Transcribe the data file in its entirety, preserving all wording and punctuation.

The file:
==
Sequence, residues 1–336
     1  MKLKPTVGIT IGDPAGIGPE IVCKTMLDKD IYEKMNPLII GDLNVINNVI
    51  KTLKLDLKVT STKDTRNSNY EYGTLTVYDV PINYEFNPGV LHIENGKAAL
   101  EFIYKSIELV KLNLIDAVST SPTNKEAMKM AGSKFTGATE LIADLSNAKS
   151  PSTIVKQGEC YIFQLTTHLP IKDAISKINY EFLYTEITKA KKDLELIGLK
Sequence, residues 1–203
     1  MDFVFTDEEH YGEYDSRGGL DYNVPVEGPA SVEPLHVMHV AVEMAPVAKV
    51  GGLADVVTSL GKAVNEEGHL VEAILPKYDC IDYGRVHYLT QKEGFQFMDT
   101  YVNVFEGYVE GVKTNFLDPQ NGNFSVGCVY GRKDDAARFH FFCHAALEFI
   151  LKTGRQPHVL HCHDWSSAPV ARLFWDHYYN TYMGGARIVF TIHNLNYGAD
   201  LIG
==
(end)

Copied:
Sequence, residues 1–336
     1  MKLKPTVGIT IGDPAGIGPE IVCKTMLDKD IYEKMNPLII GDLNVINNVI
    51  KTLKLDLKVT STKDTRNSNY EYGTLTVYDV PINYEFNPGV LHIENGKAAL
   101  EFIYKSIELV KLNLIDAVST SPTNKEAMKM AGSKFTGATE LIADLSNAKS
   151  PSTIVKQGEC YIFQLTTHLP IKDAISKINY EFLYTEITKA KKDLELIGLK
Sequence, residues 1–203
     1  MDFVFTDEEH YGEYDSRGGL DYNVPVEGPA SVEPLHVMHV AVEMAPVAKV
    51  GGLADVVTSL GKAVNEEGHL VEAILPKYDC IDYGRVHYLT QKEGFQFMDT
   101  YVNVFEGYVE GVKTNFLDPQ NGNFSVGCVY GRKDDAARFH FFCHAALEFI
   151  LKTGRQPHVL HCHDWSSAPV ARLFWDHYYN TYMGGARIVF TIHNLNYGAD
   201  LIG